had served as a spy for the Austrians during the siege. He requested the sacks
of coffee, with which he was very familiar, as payment for his successful
espionage services during the siege.
Kolschitzky served small cups of Turkish
Coffee to the Viennese, first going door to door, and then in a large tent that
he opened to the public. Soon, he had taught the Viennese how to prepare and
enjoy the beverage. Thus Vienna became acquainted with coffee.
The Viennese coffeehouses that opened during
this period set an example for coffeehouses in many other countries.
England first became acquainted with coffee in 1637 when
a Turk introduced the drink to Oxford. It quickly became popular among students
and teachers who established the "Oxford Coffee Club".
The first coffeehouse in Oxford opened in
1650 and was called the "Angel".
In 1652, a Greek named Pasqua Rosée opened
the first coffeehouse in London. Using his extensive knowledge of how to
prepare and brew Turkish Coffee, he introduced his friends and clients to its
By 1660, London's coffeehouses had become an
integral part of its social culture. The general public dubbed coffee houses
"Penny Universities" as they were patronised by writers, artists,
poets, lawyers, politicians and philosophers. London's coffeehouses offered
customers a great deal more than piping hot cups of coffee: the entrance fee of
one penny allowed them to benefit from the intellectual conversation that
The history of coffee in Holland is markedly different
from that of other countries, as for many years the Dutch were more concerned
with coffee as a trade commodity than as a beverage.
Coffee first reached the country via Yemen in
the 17th century. The Dutch began cultivating coffee in its colonies. In 1699,
coffee beans were planted on the island of Java, thus laying the foundation for
Indonesia's coffee plantations. In 1711, the first Javanese coffee beans were
sold on the open market in Amsterdam.
The first coffeehouses in Holland opened in
the 1660s. With their unique style that featured rich décor, a warm atmosphere
and lush gardens, they stood out from coffeehouses in other countries. Located
mainly in the financial districts of Dutch cities, they became known as places
where merchants and financiers conducted business meetings.
In the 1680s, the Dutch introduced coffee to
Scandinavia, the region which today has the highest per capita consumption of
coffee in the world.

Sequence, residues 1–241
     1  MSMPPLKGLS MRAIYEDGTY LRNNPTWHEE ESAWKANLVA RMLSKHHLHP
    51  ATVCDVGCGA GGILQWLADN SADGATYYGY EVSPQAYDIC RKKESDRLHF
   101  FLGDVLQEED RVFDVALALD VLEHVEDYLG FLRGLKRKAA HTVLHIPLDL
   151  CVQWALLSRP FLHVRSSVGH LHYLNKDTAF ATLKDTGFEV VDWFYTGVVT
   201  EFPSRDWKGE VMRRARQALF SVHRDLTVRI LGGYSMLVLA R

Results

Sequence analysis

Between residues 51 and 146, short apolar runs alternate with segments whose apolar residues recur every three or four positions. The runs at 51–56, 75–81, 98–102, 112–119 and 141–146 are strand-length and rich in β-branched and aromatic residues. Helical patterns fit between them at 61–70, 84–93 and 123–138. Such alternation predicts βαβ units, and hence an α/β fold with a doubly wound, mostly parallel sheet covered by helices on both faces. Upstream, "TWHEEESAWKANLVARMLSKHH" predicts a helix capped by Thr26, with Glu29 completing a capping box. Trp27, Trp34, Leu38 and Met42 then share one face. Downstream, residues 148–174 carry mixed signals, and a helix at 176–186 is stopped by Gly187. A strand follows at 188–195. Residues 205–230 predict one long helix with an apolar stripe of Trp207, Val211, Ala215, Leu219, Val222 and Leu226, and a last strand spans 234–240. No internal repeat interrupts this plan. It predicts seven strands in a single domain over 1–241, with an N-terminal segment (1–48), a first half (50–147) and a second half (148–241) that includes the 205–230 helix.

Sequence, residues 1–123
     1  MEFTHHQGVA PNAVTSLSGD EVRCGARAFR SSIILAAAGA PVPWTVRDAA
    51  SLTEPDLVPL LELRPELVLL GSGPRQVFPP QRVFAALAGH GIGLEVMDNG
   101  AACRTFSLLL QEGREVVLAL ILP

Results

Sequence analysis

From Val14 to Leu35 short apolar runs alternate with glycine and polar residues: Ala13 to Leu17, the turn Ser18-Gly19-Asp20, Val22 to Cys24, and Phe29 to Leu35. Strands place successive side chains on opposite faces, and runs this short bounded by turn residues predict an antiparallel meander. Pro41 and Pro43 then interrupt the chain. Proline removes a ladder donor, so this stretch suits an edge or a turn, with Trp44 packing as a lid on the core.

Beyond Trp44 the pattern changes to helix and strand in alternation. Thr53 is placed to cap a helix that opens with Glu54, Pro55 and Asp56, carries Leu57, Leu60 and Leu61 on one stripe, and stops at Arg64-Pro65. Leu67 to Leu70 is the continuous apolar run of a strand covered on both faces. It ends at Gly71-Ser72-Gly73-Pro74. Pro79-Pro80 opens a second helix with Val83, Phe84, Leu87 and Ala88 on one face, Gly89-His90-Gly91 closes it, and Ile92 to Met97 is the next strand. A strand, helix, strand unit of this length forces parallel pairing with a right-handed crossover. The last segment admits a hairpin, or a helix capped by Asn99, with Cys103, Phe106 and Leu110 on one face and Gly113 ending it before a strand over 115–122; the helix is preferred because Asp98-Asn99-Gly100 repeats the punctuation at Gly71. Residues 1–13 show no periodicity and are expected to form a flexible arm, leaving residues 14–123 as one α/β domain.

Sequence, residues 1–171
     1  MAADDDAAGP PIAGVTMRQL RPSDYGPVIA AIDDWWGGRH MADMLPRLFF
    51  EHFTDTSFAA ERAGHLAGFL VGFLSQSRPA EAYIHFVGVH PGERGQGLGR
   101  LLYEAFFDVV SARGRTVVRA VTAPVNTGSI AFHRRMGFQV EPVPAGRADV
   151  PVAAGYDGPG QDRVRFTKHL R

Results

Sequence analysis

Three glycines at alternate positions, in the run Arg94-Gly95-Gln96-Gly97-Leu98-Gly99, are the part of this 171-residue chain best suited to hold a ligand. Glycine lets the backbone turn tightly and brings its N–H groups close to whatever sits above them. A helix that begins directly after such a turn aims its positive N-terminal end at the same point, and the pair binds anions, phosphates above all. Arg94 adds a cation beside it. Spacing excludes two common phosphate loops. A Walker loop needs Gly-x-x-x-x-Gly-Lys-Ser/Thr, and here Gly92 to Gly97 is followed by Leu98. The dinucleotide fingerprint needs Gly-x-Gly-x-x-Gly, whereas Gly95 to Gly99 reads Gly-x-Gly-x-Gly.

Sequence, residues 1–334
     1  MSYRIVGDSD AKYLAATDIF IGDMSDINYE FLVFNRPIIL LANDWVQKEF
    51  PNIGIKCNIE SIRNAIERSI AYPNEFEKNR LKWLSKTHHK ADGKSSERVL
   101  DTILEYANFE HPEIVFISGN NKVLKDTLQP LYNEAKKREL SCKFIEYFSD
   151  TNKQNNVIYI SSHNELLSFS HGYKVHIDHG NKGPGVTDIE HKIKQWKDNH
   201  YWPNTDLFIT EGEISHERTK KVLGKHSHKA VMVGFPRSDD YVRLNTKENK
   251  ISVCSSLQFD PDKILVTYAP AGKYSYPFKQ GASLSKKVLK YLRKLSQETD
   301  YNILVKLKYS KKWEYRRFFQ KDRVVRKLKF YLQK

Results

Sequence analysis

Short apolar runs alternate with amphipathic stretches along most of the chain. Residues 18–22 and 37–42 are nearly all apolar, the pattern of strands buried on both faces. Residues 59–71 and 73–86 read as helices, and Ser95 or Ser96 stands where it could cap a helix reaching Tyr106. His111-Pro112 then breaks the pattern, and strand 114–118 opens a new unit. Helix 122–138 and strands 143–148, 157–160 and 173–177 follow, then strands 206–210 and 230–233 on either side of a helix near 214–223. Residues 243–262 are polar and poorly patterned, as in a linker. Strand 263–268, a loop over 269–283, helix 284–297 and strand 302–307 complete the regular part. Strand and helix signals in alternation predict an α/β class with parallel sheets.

Coffee was introduced to Germany in 1675. The
first coffeehouses opened in 1679-1680 in Hamburg, Bremen and Hanover.
first, coffee was considered a beverage of the nobility. The middle and lower
classes were not introduced to coffee until the early 18th century, and it was
only much later that it came to be prepared and consumed at home.
coffeehouses were the domain of men, middle class women established their own
The oldest coffee house in Europe beside the Parisian “Café Procope” is to be found in Leipzig, Germany. In 1694 Heinrich Schütze opened the “Coffe Baum” in 4 Kleine Fleischergasse and gave out free coffee. Over the following three centuries, many notable personages met here and enjoyed the popular drink. Gottsched, Klinger, E. T. A. Hoffmann or Wagner were often seen going in and out. Goethe, Lessing, Bach and Grieg were also known to be guests there. In the Schumann Room situated on the ground floor, Robert Schumann would meet with friends at his regular table between 1828 and 1844. Revolutionaries such as Blum, Liebknecht and Bebel also made “Coffe Baum” their second living-room. In 1990 Helmut Kohl and Lothar de Maizière discussed the possibilities of reunification here.
The sandstone sculpture above the doorway to “Coffe Baum” is especially famous. An Ottoman offers cupid a cup of coffee. It symbolises the meeting of the Christian western world with the Islamic East. No other than Augustus the Strong was supposed to have donated this sculpture as way of saying thank you to the landlady, who had taken immaculate care of him. One of the most important coffee museums’ worldwide is to be found on the third floor. Over 500 chosen exhibits from 300 years of Saxony’s coffee and cultural history are presented over 15 rooms.
Coffee reached North America in 1668. The first coffeehouse in New York, "The King's Arms", opened in 1696.
In 1714, the Dutch presented Louis XIV with a coffee sapling from their plantations on Java. The sapling was planted in the royal Jardin des Plantes in Paris.
In 1723, a French mariner named Gabriel du Clieu took a sapling from the Jardin des Plantes to the island of Martinique. From here, the coffee plant spread to other Caribbean islands, as well as to Central and South America.
In 1727, a Portuguese sailor named de Mello Palheta carried coffee saplings to Brazil from French Guyana. Today, Brazil is the number one producer of coffee in the world, accounting for 35% of global coffee production.
In 1730, the British began cultivating coffee in Jamaica.
By the mid 19th century, coffee had become one of the most important commodities in world trade.
MOBILE TURKISH COFFEE TRUCK IN 2013
Turkish Coffee World was one of the proud sponsors of this cultural event.